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Device to detect grow op violates privacy: court

By admin | August 22, 2009

The Calgary Herald

Letters to the Editor:

Device to detect grow op violates privacy: court

Utility can’t spy on homeowner: judge

By Daryl Slade, Calgary Herald August 22, 2009

A file photo of a marijana grow-op.

A file photo of a marijana grow-op.

Photograph by: File photo, Canwest News

The province’s top court says police use of a digital recording amp-metre without judicial authorization, to determine if there is a marijuana grow operation in a home, violates the homeowner’s privacy rights.

In a split, 2-1 decision released on Friday, the Alberta Court of Appeal ruled that Calgary police should not have requested Enmax to install the device to create a record of when electrical power was being consumed at Daniel James Gomboc’s southwest home in January 2004, before obtaining a warrant.

“It has been famously said that ‘the state has no business in the bedrooms of the nation,’ ” wrote Justice Peter Martin, who ordered a new trial for Gomboc.

“The actual prohibition is much broader: in our society, absent exigent circumstances, the state has no business in the homes of the nation without invitation or judicial authorization.”

Lawyer Charlie Stewart, who represented Gomboc–convicted of producing the illicit drug and possession for the purpose of trafficking at Court of Queen’s Bench in 2007–said the decision affects everybody charged with growing marijuana in Alberta in which the DRA has been used.

“It’s interesting to think of all the people who have pleaded guilty or been convicted under these circumstances,” said Stewart. “It’s a question of the legitimacy of the search.”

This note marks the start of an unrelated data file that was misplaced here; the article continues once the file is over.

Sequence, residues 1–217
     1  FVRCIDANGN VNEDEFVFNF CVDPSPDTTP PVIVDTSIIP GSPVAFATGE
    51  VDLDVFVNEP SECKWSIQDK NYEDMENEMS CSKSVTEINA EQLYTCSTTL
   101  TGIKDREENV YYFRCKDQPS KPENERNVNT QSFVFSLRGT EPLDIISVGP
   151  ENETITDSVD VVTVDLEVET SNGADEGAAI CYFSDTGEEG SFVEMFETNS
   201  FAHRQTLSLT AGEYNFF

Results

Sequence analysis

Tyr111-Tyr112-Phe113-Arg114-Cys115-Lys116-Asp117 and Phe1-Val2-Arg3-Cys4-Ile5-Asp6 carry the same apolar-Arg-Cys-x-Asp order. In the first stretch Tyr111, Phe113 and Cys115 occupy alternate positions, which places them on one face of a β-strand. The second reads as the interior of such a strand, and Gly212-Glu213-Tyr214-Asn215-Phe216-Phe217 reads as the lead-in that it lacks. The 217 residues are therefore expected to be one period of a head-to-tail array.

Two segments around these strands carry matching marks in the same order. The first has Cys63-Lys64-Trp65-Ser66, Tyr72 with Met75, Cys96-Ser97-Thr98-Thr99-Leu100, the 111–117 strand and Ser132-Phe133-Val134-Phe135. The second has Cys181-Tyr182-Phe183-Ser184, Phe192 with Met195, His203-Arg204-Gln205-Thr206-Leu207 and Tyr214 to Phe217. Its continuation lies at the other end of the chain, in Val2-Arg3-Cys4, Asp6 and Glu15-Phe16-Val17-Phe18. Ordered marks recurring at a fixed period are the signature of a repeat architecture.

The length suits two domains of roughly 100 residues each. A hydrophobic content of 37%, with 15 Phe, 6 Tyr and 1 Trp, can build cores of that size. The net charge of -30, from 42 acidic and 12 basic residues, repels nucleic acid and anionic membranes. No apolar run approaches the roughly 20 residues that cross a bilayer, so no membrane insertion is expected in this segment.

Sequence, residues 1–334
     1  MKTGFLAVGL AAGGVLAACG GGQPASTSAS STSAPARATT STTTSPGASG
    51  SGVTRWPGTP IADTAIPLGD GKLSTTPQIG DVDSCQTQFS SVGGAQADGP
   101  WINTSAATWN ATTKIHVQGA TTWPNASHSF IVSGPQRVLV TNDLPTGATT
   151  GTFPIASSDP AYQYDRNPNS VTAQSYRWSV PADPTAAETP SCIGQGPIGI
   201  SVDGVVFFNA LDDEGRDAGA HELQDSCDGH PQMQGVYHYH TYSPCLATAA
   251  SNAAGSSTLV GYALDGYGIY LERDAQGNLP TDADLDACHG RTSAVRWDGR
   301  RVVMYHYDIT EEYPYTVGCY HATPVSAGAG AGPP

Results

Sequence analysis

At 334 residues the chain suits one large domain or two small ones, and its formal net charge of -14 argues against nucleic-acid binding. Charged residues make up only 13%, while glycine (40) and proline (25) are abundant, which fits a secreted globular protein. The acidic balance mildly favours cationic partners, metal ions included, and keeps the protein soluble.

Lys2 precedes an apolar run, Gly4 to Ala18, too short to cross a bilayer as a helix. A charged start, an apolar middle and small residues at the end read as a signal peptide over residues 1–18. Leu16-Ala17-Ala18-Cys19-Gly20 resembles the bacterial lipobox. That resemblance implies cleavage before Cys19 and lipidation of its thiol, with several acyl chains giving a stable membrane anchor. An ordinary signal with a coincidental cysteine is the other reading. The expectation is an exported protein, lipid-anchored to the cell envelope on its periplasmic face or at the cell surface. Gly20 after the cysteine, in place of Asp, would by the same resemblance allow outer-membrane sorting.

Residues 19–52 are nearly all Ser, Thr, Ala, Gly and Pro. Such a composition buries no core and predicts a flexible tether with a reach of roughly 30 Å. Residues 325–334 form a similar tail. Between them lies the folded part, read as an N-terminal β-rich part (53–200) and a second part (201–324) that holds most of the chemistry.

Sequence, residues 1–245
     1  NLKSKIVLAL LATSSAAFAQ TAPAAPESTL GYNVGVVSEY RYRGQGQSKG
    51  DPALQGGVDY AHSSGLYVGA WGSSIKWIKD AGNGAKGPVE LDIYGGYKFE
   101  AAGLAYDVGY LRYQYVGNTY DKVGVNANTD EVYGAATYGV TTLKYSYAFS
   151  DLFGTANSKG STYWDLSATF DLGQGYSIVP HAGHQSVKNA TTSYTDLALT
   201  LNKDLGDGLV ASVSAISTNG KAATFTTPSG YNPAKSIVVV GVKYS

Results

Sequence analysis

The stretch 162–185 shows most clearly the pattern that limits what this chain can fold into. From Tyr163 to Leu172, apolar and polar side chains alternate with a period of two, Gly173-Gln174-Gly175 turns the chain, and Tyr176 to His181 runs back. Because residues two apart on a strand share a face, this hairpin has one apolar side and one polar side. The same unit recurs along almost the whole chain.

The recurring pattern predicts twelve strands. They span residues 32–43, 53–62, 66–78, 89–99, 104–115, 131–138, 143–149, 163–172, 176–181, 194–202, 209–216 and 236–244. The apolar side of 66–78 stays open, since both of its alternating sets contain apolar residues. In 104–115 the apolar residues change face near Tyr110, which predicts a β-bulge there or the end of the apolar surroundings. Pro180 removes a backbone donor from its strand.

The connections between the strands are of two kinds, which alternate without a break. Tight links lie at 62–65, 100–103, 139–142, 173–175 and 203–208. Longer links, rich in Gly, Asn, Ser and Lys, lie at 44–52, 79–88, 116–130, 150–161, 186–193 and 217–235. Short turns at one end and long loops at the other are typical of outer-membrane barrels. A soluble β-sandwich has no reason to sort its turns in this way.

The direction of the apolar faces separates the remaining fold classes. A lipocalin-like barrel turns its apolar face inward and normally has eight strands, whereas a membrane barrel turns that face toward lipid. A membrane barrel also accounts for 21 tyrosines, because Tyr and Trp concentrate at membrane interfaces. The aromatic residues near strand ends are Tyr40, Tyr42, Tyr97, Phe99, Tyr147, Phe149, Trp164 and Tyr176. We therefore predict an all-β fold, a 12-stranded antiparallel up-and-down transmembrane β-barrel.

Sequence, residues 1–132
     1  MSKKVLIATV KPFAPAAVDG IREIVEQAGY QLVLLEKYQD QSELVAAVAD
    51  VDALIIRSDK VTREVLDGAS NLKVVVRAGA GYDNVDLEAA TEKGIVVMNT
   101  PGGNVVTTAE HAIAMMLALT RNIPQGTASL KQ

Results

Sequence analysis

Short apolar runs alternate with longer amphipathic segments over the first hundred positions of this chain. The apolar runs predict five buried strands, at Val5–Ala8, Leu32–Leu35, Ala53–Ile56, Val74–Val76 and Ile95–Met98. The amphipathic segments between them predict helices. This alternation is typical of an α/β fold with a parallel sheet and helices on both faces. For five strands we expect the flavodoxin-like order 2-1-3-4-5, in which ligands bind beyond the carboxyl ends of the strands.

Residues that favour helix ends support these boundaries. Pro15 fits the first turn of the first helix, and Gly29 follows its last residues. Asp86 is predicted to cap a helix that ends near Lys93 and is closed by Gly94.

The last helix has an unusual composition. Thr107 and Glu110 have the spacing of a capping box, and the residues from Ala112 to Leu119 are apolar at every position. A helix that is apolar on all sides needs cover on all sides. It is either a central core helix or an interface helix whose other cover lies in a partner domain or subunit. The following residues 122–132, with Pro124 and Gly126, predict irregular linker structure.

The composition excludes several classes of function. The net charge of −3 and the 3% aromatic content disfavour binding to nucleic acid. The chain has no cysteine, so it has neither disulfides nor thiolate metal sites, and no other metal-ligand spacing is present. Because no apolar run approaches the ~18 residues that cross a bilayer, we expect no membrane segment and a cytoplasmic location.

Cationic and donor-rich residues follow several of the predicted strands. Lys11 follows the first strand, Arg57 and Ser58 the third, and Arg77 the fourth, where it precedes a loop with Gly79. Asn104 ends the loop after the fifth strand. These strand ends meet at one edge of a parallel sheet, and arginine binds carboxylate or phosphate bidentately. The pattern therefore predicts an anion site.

With the information from the DRA probe, to bolster physical observations and smells emanating from the home, police obtained a search warrant and found a two-stage grow op involving hundreds of plants.

They also seized 165.3 kilograms of bulk marijuana, 206.8 grams of processed and bagged marijuana, as well as numerous items related to the grow op.

With the decision, all evidence gathered in the search would be inadmissible at trial.

Martin, who was supported in his decision by Justice Ron Berger, said the expectation of privacy extends beyond simply the information as to the timing and the amount of electricity used, as Enmax had done at police request over a five-day period.

“It is also objectively reasonable to expect that the utility would not be co-opted by the police to gather additional information of interest only to police,” wrote Martin.

“Indeed, I expect that the reasonable, informed citizen would be gravely concerned, and would object to the state being allowed to use a utility to spy on a homeowner in this way.”

In a lengthy dissent that would have dismissed Gomboc’s appeal, Justice Clifton O’Brien agreed with QB Justice Marsha Erb’s original trial decision to convict.

“When combined with the other (indications), the DRA information supported the issuance of a warrant,” O’Brien said. “Further, the regulatory regime in Alberta concerning the usage of electricity negates any confidentiality on the part of a customer vis-a-vis the police, relative to his or her usage thereof.

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